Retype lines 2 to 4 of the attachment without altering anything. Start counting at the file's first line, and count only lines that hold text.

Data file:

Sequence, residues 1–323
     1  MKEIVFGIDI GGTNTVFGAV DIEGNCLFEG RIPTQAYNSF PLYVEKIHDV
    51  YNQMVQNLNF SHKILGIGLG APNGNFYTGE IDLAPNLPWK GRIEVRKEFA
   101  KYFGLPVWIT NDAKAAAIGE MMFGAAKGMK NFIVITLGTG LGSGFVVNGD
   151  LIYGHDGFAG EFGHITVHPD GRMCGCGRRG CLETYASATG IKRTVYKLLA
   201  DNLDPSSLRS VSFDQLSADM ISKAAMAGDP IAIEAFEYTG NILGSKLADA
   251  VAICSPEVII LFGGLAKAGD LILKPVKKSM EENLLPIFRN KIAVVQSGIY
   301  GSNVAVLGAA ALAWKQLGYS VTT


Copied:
     1  MKEIVFGIDI GGTNTVFGAV DIEGNCLFEG RIPTQAYNSF PLYVEKIHDV
    51  YNQMVQNLNF SHKILGIGLG APNGNFYTGE IDLAPNLPWK GRIEVRKEFA
   101  KYFGLPVWIT NDAKAAAIGE MMFGAAKGMK NFIVITLGTG LGSGFVVNGD